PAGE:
Right now private investment is very likely being restrained by the weak balance sheet of firms. The flip side of this is the high level of non-performing assets of the public commercial banks. Forcing these banks to lend would be poor policy. But it is not clear whether everything that can be done to lower the lending rate is being done. After all, consumer price index inflation, the Reserve Bank of India’s preferred inflation index, is trending downward and there is a case for lowering lending rates. But the RBI has now been put into the straitjacket of inflation targeting and can no longer respond to considerations of output. The government, however, is reluctant to use it to increase aggregate demand for fear of deviating from its fiscal consolidation path. It is of course possible to step up public investment by trimming subsidies. Here the National Democratic Alliance government’s approach is cravenly political, and no different from that of its predecessor, the United Progressive Alliance. It is reluctant to be seen as cutting subsidies even when it is clear that a rupee-for-rupee swap in certain subsidies for public capital formation is likely to be beneficial for both growth and welfare. The fertilizer subsidy presents the most obvious instance. It has done little to stem the rise in food prices while continuing to take up precious fiscal space. Well-designed empirical research alone can settle the matter of its desirability, and one hopes the government will provide this in time for its third annual Budget. An object of this government’s admiration has been revealed to us in the choice of speaker for the first NITI Aayog Lecture on Transforming India. It chose Tharman Shanmugaratnam, the Deputy Prime Minister of Singapore who was earlier its Finance Minister for close to a decade.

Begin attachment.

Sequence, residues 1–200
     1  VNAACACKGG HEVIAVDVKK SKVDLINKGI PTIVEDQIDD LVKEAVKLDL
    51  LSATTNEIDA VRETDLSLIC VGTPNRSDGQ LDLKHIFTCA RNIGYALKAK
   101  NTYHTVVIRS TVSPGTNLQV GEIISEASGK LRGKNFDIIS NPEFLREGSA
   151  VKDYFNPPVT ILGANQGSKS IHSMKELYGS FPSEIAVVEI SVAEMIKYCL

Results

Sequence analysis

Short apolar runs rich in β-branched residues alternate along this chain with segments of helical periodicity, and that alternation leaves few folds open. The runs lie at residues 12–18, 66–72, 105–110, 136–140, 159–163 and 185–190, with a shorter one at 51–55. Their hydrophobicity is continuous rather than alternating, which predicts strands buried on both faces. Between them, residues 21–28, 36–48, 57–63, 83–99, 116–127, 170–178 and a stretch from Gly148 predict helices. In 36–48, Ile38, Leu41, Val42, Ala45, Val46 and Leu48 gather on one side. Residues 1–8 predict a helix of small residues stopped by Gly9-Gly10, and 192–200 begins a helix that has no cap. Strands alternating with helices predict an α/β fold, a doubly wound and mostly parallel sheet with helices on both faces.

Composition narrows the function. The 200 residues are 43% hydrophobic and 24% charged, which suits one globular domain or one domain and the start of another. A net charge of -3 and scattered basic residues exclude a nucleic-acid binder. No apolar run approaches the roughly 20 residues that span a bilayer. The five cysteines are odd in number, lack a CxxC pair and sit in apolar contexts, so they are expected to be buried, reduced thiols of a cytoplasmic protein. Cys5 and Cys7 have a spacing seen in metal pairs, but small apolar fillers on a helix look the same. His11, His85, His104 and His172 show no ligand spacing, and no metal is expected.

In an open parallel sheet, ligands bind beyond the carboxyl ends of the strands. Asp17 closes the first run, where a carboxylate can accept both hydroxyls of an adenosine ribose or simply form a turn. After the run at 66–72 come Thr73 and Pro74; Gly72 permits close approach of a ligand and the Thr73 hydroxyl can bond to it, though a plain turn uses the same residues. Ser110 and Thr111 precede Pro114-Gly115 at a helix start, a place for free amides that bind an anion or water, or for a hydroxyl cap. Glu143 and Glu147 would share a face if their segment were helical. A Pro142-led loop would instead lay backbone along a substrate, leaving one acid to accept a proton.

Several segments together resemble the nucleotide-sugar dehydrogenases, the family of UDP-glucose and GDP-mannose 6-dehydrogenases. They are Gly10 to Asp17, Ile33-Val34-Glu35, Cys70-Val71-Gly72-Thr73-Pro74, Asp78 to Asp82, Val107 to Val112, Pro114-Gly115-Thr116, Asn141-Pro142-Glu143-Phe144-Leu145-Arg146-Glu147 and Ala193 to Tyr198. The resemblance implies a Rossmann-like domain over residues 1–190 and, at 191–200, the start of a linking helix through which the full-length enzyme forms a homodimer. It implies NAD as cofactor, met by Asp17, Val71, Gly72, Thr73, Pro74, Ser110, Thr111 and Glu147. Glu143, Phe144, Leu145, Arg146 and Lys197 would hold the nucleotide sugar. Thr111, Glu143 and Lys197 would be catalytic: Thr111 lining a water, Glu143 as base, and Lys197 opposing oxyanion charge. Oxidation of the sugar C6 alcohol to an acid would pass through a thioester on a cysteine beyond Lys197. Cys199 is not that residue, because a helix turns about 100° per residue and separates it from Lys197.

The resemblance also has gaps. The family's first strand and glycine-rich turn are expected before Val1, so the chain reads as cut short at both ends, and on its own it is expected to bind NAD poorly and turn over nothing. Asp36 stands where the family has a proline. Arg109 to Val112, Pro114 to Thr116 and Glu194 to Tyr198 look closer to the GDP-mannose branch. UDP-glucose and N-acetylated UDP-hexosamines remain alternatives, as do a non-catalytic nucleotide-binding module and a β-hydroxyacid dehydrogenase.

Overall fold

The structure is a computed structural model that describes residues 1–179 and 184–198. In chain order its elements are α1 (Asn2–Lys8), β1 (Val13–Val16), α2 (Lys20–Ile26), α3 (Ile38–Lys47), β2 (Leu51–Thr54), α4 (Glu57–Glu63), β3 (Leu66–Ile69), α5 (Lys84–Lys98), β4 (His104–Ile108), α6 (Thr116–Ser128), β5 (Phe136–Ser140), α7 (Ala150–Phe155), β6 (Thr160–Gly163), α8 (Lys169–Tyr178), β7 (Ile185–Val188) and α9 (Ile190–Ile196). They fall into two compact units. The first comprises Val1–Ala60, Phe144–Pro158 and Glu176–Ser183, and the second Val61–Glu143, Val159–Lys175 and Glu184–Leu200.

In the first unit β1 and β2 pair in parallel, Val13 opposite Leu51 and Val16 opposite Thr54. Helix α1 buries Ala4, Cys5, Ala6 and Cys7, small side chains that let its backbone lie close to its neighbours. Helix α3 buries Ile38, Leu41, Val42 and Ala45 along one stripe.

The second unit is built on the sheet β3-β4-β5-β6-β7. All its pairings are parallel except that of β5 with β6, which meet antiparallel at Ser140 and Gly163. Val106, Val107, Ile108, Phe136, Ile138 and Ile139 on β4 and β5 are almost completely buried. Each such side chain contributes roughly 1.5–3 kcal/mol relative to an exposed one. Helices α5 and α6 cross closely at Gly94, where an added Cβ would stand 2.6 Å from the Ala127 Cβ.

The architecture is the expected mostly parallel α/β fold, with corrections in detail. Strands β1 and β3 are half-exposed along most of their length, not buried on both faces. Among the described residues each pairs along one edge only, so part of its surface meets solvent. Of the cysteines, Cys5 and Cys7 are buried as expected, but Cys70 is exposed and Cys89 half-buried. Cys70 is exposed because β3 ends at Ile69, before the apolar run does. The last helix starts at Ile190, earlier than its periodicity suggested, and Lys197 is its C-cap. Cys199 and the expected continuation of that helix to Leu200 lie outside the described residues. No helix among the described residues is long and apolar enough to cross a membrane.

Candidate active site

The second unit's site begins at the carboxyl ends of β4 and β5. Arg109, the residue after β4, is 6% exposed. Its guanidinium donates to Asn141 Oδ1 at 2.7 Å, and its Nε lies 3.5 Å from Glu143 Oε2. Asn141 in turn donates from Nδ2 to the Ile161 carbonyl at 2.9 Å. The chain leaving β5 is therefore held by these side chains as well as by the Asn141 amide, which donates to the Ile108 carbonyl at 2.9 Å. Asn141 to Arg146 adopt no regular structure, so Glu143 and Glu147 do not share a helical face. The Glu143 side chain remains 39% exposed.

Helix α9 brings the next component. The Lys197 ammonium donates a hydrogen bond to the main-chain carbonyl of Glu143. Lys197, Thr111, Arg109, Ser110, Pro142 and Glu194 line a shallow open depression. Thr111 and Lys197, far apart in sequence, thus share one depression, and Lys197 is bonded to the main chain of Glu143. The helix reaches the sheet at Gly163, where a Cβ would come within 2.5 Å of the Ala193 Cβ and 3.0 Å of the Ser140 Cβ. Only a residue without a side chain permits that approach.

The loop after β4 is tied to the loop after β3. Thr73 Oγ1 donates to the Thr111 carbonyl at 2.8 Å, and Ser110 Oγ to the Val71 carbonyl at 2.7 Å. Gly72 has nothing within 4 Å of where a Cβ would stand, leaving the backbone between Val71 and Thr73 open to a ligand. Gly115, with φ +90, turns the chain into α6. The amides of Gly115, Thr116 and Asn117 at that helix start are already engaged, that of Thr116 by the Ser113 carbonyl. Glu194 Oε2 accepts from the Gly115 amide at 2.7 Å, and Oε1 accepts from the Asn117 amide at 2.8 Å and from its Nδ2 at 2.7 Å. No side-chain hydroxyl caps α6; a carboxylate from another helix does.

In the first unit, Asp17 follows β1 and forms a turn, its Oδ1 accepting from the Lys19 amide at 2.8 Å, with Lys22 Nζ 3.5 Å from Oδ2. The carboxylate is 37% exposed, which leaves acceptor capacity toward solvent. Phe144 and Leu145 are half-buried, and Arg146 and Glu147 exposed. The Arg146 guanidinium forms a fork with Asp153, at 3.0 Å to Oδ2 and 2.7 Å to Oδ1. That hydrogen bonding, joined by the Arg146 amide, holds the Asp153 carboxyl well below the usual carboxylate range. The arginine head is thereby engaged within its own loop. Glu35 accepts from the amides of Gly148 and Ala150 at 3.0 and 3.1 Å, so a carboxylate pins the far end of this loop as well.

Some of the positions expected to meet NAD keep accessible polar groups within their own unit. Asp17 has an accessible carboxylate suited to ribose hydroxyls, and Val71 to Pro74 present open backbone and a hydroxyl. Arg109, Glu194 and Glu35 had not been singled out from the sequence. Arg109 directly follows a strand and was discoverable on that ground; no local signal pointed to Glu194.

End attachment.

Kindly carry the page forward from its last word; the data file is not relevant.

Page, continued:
A trained economist with considerable international exposure, Mr. Shanmugaratnam typifies the Singapore model, which recognises the value of high human capital in its leadership, something that India has not seen since the time of Jawaharlal Nehru. There is one specific area in which our own government may learn from the Singapore experience. The government there had instituted a provident fund to which all workers and employees have had to contribute. These contributions ensured a rise in the saving rate which in turn was a source of funding for public investment. In the muddled discourse on fiscal policy in India today, the reigning argument appears to be that a fixed private saving rate sets the limit for the attainable fiscal deficit. This overlooks the possibility of raising the private saving rate, which is precisely what the Singapore government had done early in its history, enabling it to achieve a scale of public capital formation that truly distinguishes it from India. In the Budget for 2016-17 the increase in the allocation for capital expenditure amounted to a mere 2.3 per cent, with inflation running at around 4 per cent per annum. A sector that is unlikely to be well served by the philosophy than an economy left to its own devices will achieve its potential is agriculture. Three of the past five years in India have been years of poor agricultural performance, reflected in persistent food price inflation. We are very likely witnessing creeping climate change with direct consequences for production. The advisory from most funds in the financial sector is that the economic outlook this year will depend upon the monsoon. It is surprising that the imperative of drought-proofing an increasingly vulnerable Indian agriculture hardly figures in the public discourse on the economy when it is of no less importance than rolling out the Goods and Services Tax. Nothing short of a transformation akin to the Green Revolution can achieve this, and the States would have to be on board. The present government has had little to say on the matter so far. By disbanding the Planning Commission, the Centre has lost a long-standing conduit to the States whose planning boards did have at least a titular connection to the former.